In the Walk-and-Turn test, the subject is directed to take nine steps, heel-to-toe, along a straight line. After taking the steps, the suspect must turn on one foot and return in the same manner in the opposite direction. The examiner looks for eight indicators of impairment: if the suspect cannot keep balance while listening to the instructions, begins before the instructions are finished, stops while walking to regain balance, does not touch heel-to-toe, steps off the line, uses arms to balance, makes an improper turn, or takes an incorrect number of steps. NHTSA research indicates that 79 percent of individuals who exhibit two or more indicators in the performance of the test will have a BAC of 0.08 or greater (Stuster and Burns, 1998).

One Leg Stand

In the One-Leg Stand test, the suspect is instructed to stand with one foot approximately six inches off the ground and count aloud by thousands (One thousand-one, one thousand-two, etc.) until told to put the foot down. The officer times the subject for 30 seconds. The officer looks for four indicators of impairment, including swaying while balancing, using arms to balance, hopping to maintain balance, and putting the foot down. NHTSA research indicates that 83 percent of individuals who exhibit two or more such indicators in the performance of the test will have a BAC of 0.08 of greater (Stuster and Burns, 1998).

Combined Measures

When the component tests of the SFST battery are combined, officers are accurate in 91 percent of cases, overall, and in 94 percent of cases if explanations for some of the false positives are accepted (Stuster and Burns, 1998). The original NHTSA research found different accuracies for the SFST Battery than reported in the more recent study. Tharp, Burns, and Moskowitz (1981) reported accuracies of 77 percent for the HGN, 68 percent for the Walk and Turn, and 65 percent for the One Leg Stand components; 81 percent of officers' arrest decisions at 0.10 BAC were correct when all three measures were combined. In contrast, Stuster and Burns (1998) found greater accuracies in making arrest decisions on the basis of SFST results in their study at 0.08 percent BAC, as described previously and summarized in the following table.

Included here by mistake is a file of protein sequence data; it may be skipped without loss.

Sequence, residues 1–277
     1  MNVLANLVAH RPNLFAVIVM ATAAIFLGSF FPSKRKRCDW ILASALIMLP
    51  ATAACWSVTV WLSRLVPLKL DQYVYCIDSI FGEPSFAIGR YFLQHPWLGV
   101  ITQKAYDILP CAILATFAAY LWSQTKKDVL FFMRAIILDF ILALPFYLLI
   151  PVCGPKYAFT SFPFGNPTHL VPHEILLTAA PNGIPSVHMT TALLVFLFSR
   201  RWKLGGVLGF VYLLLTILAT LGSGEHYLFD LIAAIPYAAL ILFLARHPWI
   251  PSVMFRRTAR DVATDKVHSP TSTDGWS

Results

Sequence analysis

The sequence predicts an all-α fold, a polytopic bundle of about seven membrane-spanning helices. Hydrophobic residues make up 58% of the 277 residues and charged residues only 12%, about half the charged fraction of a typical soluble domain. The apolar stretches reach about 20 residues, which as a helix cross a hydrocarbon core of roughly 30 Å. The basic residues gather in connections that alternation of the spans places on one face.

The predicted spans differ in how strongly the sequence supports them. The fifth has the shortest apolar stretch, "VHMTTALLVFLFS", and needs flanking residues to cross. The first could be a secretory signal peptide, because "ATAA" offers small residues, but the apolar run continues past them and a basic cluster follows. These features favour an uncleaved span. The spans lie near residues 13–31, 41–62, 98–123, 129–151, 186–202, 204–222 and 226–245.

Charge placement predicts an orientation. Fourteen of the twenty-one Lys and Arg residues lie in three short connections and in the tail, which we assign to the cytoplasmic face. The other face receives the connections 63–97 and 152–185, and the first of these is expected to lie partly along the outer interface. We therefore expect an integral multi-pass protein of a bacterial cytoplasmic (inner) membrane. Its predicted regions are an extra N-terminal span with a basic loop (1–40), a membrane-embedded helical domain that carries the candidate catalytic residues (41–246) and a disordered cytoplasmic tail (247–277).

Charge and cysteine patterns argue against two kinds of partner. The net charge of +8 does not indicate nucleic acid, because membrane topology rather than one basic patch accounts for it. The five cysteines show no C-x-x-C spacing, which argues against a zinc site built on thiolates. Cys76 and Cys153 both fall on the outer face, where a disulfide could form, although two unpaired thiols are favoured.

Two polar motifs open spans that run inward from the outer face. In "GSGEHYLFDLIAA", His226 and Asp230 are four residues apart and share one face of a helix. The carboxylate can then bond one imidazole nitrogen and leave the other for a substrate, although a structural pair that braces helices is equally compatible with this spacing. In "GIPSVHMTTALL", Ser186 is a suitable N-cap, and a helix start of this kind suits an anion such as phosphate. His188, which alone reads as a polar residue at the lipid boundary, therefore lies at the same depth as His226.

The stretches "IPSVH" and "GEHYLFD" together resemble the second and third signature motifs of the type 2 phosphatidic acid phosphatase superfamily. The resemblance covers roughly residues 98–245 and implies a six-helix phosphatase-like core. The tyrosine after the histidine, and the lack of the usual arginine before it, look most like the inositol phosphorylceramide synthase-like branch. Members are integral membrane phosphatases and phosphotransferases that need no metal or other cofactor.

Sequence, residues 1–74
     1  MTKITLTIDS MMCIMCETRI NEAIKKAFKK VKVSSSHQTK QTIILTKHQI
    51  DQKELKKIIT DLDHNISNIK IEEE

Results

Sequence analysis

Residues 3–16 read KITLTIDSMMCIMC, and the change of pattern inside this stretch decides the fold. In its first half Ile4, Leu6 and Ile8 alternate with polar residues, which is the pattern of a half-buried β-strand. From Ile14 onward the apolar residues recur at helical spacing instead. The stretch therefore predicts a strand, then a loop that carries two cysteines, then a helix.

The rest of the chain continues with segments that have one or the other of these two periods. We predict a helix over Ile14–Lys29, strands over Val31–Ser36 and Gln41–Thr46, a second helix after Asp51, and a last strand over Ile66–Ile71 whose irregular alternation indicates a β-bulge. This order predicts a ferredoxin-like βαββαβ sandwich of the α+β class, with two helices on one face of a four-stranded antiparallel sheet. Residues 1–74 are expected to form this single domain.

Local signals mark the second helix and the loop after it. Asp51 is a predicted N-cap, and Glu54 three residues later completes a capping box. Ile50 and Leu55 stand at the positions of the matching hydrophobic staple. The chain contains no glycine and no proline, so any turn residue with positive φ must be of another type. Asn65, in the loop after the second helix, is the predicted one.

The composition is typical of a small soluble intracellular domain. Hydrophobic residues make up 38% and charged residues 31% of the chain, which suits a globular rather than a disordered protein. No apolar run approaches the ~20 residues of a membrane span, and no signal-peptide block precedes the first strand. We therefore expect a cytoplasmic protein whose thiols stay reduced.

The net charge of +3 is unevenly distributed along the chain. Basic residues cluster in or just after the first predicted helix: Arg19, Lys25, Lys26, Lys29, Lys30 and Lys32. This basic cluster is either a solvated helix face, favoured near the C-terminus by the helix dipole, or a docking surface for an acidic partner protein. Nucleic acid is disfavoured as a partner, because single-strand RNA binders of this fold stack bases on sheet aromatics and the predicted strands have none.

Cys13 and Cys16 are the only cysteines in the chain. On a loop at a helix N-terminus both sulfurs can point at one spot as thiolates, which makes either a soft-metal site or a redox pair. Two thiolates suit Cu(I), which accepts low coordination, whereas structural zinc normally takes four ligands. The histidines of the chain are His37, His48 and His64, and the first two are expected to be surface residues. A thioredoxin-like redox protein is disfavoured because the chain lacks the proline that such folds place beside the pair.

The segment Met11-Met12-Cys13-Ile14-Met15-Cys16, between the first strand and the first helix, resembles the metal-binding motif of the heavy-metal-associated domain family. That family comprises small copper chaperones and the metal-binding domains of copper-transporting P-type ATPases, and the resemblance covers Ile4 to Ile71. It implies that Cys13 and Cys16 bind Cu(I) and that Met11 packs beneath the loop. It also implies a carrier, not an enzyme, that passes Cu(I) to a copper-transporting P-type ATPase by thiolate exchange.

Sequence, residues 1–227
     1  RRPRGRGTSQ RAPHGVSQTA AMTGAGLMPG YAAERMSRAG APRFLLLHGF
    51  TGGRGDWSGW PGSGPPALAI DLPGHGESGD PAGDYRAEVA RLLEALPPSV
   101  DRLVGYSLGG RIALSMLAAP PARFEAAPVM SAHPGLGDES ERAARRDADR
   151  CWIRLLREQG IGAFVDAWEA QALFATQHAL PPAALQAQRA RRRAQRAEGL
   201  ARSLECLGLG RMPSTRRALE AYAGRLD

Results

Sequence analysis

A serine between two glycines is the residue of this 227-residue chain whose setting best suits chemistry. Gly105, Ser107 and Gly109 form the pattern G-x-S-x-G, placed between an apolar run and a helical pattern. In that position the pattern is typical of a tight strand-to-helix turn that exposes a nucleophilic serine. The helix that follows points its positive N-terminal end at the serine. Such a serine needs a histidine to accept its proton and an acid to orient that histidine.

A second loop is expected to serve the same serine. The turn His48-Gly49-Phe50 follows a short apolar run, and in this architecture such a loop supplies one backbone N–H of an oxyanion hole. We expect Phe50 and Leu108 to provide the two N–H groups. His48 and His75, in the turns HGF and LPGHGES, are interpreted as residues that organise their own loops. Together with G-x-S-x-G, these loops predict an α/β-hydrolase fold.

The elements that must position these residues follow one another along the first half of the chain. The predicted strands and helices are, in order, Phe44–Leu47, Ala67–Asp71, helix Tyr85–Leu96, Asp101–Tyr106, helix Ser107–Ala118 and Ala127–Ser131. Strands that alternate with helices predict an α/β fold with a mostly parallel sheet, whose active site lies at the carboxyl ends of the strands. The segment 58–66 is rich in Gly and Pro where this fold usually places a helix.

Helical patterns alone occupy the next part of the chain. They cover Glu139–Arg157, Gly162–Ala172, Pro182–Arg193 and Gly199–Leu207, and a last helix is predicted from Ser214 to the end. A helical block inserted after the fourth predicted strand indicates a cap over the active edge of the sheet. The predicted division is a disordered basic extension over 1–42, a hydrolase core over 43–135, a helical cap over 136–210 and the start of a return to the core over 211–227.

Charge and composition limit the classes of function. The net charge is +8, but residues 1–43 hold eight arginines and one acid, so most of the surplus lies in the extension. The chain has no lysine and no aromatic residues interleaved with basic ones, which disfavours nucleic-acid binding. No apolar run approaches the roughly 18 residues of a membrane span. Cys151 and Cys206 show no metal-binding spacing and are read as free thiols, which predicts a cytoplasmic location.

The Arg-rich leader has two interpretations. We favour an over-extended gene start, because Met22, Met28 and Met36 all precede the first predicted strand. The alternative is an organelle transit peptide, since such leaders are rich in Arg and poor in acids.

Field Sobriety Testing Administration

Other field sobriety tests include finger tapping, hand clapping, counting backwards, or reciting the alphabet. These activities are designed to check "divided attention", a critical skill in operating a motor vehicle. Another notorious field sobriety test is the Preliminary Alcohol Screening (PAS) test. This is a portable breath test to determine the presence of alcohol. The officer is supposed to advise the suspect that the test is voluntary. However, they often fail to follow procedure. There are many people who cannot perform these tests to the officer's satisfaction due to a non-incriminating reason. Unfortunately, these drivers are often stuck with a DUI charge. The most important thing to know about the Field Sobriety Tests is that a skilled defense lawyer will know how to handle them in court. Call Patrick Ferris today at (912) 384-1099 for your best chance at beating the charges.

Sobriety Checkpoints

The purpose of a sobriety checkpoint or roadblock is to allow law enforcement to view drivers for indications that they may be driving while under the influence of drugs or alcohol. This can be done on virtually any public road including highways and freeways but there must be probable cause to place the roadblock at the location. Also, although Georgia DUI laws and the U.S. Supreme Court provide for the legality of such roadblocks, law enforcement must still have a probable cause before arresting you on DUI charges. If you are stopped at one of these sobriety checkpoints, you will be asked to produce your license and registration. Inquiries will also be made as to whether you have been drinking or not.

Roadblocks in Coffee County, GA

Even if you underwent a breath or blood test, field sobriety tests, made incriminating statements, or provided other incriminating evidence, a roadblock can produce grounds to fight your DUI charge. There are established guidelines that must be followed in order for your stop and any subsequent arrest to be valid. Patrick Ferris is an experienced Coffee County DUI lawyer in Douglas, GA who understands what to do when a charge is based on a roadblock stop. Call Patrick Ferris today at (912) 384-1099 for your best chance at beating the charges.